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Convertible Investments for a Cloudy Day

Steve Klouda

Investing inherently includes an element of risk, particularly within industries where disruption is the status quo. Of course, that's typically where the bigger opportunities are, but that doesn't change the fact that the stocks in these industries sometimes produce stomach-churning volatility. Using convertible securities to potentially mitigate the ups and downs of high growth (but highly volatile) stocks may help investors sleep easier at night while still getting exposure to exciting long-term trends.

The cloud computing industry provides a good example of how we can use convertibles in this way. There's no doubt that businesses that focus on the cloud are riding a secular wave of demand. They are at the intersection of multiple demand waves as they benefit from the explosion of social media, faster network speeds, the massive creation of data, the subsequent need for additional storage, and economies of scale. The cloud is changing the way consumers live and how companies conduct business. This is creative destruction at its finest.

However, because of the upward moves in some cloud stocks, a few pundits have drawn parallels to the tech bubble of the late '90s. And yes, cloud companies are experiencing tremendous rates of growth and levels of volatility that we saw with some tech stocks back then. But there are important differences between the two. First, many of the cloud companies (at least the ones we favor) have balance sheets that are in far better shape compared to the dot-com names of the '90s. Most have significant amounts of cash on hand that can provide the necessary capital to grow their businesses and provide for a rainy day. Unlike the debt-laden telecom companies of the late '90s, the convertible bonds issued by today's cloud companies often are the only debt on the balance sheet, which offers the possibility for issuers to improve their capital structure quickly, should the stock rise above the exercise price over the next few years.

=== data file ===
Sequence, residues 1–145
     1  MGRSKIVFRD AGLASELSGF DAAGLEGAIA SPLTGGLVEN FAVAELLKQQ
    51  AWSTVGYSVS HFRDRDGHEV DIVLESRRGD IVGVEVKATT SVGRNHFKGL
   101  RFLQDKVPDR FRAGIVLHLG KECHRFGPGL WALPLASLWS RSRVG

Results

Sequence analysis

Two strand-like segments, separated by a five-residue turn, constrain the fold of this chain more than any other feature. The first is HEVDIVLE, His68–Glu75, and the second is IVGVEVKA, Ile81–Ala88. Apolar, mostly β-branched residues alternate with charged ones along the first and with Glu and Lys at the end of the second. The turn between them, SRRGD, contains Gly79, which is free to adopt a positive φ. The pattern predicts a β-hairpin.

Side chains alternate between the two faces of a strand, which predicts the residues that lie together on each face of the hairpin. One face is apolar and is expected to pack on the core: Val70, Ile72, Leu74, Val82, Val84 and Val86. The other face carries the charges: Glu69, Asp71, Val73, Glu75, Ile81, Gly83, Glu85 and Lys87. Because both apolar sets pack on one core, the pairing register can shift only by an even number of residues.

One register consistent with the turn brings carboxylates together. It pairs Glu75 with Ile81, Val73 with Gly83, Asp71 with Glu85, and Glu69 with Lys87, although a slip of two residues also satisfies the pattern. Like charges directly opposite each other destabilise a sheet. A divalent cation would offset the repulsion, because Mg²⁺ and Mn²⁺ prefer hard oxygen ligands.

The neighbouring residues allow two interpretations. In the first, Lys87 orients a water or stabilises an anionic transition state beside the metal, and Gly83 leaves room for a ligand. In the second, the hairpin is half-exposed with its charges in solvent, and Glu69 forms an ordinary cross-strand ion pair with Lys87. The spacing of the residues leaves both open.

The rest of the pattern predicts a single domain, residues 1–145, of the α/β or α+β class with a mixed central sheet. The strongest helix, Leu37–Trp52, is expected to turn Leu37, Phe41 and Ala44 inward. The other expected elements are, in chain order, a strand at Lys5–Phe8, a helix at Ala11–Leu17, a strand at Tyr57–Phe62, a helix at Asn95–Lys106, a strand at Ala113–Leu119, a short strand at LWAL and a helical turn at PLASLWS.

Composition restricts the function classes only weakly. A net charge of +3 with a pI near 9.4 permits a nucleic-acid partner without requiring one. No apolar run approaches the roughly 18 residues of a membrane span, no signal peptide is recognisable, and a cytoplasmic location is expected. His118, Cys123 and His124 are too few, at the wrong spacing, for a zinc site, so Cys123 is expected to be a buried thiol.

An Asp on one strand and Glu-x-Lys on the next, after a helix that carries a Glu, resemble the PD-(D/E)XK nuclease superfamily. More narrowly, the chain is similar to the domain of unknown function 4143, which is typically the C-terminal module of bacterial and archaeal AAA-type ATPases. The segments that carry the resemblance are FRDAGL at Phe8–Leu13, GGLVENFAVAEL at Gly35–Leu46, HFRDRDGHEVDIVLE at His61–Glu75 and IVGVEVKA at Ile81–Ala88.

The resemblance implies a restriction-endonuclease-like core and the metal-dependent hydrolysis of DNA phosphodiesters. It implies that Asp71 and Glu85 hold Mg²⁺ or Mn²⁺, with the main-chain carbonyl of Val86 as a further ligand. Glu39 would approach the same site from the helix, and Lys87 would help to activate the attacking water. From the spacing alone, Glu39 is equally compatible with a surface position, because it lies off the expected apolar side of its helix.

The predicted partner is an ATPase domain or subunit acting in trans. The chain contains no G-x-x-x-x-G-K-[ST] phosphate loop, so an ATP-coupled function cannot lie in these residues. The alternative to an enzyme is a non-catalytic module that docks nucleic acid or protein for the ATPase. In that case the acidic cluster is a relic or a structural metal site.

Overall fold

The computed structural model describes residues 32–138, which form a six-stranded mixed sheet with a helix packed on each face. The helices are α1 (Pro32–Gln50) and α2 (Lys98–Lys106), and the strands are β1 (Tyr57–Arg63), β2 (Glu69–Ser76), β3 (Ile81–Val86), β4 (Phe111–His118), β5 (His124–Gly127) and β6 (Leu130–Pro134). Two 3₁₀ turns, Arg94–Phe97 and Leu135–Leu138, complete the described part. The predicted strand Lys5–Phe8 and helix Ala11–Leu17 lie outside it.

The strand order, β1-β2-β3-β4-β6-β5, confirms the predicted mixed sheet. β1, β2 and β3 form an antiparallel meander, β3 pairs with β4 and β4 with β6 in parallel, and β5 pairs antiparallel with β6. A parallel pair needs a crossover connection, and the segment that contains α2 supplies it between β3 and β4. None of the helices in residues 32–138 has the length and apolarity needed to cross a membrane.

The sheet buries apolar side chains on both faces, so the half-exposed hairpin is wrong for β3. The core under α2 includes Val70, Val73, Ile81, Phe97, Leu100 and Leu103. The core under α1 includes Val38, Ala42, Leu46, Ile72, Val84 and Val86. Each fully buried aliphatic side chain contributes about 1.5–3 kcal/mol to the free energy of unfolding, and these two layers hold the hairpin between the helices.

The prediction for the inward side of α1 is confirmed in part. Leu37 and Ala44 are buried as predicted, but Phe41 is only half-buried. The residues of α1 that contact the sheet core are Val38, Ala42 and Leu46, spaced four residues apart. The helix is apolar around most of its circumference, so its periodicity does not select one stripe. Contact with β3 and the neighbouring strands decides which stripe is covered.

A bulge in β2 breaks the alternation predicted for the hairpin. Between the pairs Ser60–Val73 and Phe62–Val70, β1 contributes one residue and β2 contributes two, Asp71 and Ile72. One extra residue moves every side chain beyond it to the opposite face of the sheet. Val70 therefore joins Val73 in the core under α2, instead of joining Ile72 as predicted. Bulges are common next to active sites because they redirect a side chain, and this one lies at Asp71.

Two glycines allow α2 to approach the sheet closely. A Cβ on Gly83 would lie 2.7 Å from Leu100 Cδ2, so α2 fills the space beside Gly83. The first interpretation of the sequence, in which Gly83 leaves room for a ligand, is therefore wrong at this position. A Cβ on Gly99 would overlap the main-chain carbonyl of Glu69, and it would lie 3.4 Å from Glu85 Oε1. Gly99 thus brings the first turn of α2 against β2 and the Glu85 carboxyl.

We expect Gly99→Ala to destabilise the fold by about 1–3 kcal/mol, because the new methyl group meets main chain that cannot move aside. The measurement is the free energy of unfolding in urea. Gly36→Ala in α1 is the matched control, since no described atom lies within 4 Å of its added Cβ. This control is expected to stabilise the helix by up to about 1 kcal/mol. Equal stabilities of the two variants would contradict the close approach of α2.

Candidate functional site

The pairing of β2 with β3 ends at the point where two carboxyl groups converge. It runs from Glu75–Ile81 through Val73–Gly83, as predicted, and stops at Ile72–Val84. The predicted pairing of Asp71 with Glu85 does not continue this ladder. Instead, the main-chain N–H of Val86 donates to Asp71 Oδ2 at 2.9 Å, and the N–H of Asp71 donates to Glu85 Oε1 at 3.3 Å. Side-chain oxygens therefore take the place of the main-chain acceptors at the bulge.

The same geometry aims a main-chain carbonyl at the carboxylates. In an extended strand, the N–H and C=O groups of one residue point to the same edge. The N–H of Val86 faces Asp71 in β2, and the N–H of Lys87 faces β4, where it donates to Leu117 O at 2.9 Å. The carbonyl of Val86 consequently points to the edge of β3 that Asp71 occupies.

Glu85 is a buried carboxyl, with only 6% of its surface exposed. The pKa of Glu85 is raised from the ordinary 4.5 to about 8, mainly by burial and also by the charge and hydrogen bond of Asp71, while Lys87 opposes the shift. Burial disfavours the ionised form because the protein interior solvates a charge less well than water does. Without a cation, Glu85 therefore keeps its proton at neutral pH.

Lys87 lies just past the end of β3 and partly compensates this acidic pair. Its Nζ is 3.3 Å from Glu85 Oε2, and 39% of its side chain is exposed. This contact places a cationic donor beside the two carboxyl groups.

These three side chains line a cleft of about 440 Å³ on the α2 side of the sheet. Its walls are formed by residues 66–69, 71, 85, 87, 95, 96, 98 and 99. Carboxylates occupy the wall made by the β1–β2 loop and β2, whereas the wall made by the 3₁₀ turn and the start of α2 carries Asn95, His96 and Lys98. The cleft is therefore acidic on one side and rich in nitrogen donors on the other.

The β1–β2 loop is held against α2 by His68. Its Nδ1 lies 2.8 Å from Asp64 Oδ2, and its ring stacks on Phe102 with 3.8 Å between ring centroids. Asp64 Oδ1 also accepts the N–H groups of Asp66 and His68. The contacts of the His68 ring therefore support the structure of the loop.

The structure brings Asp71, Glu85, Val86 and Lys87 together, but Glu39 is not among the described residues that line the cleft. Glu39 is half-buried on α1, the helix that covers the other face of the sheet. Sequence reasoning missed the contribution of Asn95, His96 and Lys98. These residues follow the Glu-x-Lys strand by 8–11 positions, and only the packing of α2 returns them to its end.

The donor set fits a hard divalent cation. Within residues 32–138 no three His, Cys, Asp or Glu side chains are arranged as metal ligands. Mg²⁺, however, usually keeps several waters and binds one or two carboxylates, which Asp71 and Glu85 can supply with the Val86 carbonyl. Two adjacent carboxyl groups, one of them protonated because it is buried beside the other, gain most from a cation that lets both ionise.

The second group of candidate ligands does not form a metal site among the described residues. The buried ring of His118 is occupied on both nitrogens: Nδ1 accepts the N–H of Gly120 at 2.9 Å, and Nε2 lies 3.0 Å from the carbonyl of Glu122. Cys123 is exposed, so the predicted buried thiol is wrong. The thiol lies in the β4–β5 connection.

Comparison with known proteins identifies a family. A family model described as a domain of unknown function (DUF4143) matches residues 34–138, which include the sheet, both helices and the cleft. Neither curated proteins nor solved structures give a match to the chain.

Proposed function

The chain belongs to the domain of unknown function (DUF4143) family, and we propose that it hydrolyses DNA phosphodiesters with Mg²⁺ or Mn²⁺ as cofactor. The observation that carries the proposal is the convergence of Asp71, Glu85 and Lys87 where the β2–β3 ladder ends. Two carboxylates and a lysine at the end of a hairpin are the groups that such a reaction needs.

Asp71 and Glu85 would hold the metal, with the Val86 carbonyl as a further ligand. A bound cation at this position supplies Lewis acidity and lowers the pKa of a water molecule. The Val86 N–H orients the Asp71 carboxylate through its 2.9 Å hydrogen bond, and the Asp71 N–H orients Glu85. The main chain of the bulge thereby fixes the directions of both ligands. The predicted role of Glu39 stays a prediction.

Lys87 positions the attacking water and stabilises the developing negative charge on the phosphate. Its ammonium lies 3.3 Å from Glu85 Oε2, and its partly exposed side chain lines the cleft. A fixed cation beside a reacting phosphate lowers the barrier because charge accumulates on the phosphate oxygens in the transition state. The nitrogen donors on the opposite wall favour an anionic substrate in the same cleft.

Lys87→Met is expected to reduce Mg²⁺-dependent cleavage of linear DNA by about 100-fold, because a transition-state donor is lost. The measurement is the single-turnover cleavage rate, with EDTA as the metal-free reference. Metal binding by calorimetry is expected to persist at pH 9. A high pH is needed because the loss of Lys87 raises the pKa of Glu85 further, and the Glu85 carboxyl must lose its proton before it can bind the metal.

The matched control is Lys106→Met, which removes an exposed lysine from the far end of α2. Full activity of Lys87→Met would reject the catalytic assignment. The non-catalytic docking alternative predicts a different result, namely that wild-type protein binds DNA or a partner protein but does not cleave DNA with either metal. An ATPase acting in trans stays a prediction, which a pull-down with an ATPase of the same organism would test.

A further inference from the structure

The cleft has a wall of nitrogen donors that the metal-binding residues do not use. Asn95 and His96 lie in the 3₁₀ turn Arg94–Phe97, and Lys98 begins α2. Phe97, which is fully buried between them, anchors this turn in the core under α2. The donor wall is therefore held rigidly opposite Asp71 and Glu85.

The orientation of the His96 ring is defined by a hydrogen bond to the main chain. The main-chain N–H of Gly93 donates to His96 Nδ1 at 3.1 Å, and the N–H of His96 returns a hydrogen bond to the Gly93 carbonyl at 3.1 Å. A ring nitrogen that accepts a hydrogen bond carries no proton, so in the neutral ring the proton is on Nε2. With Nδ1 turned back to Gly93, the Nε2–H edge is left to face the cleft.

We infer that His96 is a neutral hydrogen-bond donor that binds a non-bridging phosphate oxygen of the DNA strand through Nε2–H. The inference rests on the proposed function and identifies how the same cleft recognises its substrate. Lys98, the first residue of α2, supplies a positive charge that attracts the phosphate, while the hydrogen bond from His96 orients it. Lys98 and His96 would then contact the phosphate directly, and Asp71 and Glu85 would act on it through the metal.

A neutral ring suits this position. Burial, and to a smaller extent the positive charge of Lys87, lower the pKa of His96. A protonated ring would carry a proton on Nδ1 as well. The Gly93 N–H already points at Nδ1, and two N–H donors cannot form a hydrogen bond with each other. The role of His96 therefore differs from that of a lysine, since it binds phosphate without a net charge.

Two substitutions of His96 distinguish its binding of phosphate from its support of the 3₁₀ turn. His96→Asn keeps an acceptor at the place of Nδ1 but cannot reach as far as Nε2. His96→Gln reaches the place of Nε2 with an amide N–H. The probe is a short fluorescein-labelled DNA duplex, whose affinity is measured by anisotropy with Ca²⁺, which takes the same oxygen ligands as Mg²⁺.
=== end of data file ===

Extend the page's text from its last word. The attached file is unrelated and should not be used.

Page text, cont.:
The second difference is the structure of the convertible itself. Most of the convertibles issued today by cloud companies have maturities of only five years, attractive conversion premiums of approximately 35%, and even a little income thrown in for good measure. If the long-term theme of cloud computing continues to play out and the stocks do well, the convertibles would be positioned to participate in the large majority of the upside. But if the stocks falter, the convertible holder should be insulated from most of the downside. Additionally, the relatively short five-year maturities of most of these convertibles mean duration risk should be reduced, an increasingly important consideration for fixed-income investors.

We've identified a number of cloud companies with the criteria our investment process favors: a great secular theme, underlying growth prospects, solid balance sheets. By participating via attractive convertibles, we believe we are better positioned to capture an asymmetrical risk profile, with more upside equity participation than downside.

The opinions referenced are as of the date of publication and are subject to change due to changes in the market or economic conditions and may not necessarily come to pass. Information contained herein is for informational purposes only and should not be considered investment advice.

The information in this report should not be considered a recommendation to purchase or sell any particular security. Convertible securities entail credit risk and interest rate risk.

Conversion premium is the amount by which the market price of a convertible bond exceeds conversion value, expressed as a percentage. It is a gauge of equity participation. Duration is a measure of interest rate sensitivity, with longer durations indicating greater sensitivity. Exercise price is the price at which the underlying stock can be purchased.

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